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HomeEntertainmentCan luxury brands meme their way into Gen Z’s heart?

Can luxury brands meme their way into Gen Z’s heart?

Hannah Jackson

Has your feed seen a lot of a certain tomato? The “Loewe tomato,” as it has come to be known after gaining virality, is the most recent example of luxury brands participating in meme culture. During the golden era of social media, receiving a comment on your post from a ubiquitous national brand was a pure, unadulterated dopamine hit. Nowadays, however, people have grown weary of overly familiar behaviour, and brands are struggling to adjust their tone.

When it comes to brand identity on social media, the luxury market in particular has their work cut out for them. Balancing a majority Gen-Z audience on TikTok, while maintaining their authority (and oftentimes, self-seriousness) as a storied label can create some murky territory for dealing with Zoomers. “The luxury fashion game has always included tapping into new markets–primarily in the international sense–and in the current markets, forming a relationship with the consumer of tomorrow before they fully age into having that buying power,” says Daisy Alioto, CEO of Dirt Media, a newsletter-turned-media company that dissects all things pop culture.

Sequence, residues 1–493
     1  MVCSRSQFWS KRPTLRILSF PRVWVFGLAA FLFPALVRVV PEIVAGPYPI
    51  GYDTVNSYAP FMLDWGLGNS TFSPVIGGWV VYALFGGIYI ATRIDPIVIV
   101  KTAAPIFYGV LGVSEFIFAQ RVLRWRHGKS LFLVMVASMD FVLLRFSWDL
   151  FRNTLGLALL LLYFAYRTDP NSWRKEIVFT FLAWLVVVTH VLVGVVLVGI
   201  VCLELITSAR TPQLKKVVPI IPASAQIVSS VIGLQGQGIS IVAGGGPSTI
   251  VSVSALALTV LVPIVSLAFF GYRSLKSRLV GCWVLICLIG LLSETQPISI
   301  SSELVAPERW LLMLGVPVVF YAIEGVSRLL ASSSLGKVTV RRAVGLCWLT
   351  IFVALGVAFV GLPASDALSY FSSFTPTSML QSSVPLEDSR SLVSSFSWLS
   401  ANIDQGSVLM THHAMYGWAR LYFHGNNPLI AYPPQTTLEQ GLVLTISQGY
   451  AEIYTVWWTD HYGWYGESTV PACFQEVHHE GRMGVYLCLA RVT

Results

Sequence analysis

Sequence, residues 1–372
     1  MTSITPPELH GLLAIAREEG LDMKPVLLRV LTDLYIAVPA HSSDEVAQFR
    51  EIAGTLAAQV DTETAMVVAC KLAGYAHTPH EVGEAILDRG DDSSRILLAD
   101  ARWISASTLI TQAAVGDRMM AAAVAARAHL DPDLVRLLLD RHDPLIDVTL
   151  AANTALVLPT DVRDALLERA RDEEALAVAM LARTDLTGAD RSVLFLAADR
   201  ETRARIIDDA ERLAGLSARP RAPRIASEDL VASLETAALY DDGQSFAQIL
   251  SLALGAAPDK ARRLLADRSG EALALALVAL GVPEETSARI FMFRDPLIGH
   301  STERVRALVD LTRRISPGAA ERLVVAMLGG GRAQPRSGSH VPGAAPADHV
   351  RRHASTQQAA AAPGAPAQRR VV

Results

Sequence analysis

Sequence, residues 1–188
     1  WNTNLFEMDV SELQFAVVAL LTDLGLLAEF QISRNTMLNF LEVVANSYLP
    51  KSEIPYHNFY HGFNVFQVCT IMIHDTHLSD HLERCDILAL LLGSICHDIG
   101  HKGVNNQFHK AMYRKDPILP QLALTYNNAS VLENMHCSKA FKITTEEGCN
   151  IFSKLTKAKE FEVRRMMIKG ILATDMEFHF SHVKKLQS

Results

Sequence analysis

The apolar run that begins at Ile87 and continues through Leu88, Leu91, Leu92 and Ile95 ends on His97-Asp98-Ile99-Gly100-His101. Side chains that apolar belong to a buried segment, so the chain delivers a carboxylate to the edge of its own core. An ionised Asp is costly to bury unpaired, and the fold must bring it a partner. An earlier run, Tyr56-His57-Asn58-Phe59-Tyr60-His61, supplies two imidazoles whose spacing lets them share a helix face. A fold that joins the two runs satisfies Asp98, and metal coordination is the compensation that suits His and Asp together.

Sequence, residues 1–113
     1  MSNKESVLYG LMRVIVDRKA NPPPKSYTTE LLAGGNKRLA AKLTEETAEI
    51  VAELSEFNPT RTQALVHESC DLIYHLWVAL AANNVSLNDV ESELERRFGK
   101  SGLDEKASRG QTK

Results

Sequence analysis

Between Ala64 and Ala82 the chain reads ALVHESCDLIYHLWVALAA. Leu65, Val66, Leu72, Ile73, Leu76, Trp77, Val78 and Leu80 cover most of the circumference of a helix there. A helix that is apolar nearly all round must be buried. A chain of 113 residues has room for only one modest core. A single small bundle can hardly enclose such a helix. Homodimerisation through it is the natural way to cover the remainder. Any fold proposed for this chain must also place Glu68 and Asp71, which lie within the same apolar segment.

Some brands have massively succeeded in their attempts. On Mother’s Day, Marc Jacobs collaborated with Sylvanian Drama, a TikTok account that uses Calico Critters to enact soap-level drama that makes the Real Housewives pale in comparison. The Marc Jacobs team commissioned a video in which one Critter shoplifts the Marc Jacobs Tote Bag, but is released because it’s Mother’s Day. But when she gets home, she is greeted by an intervention, and only agrees to stay in rehab in exchange for the Tote Bag.

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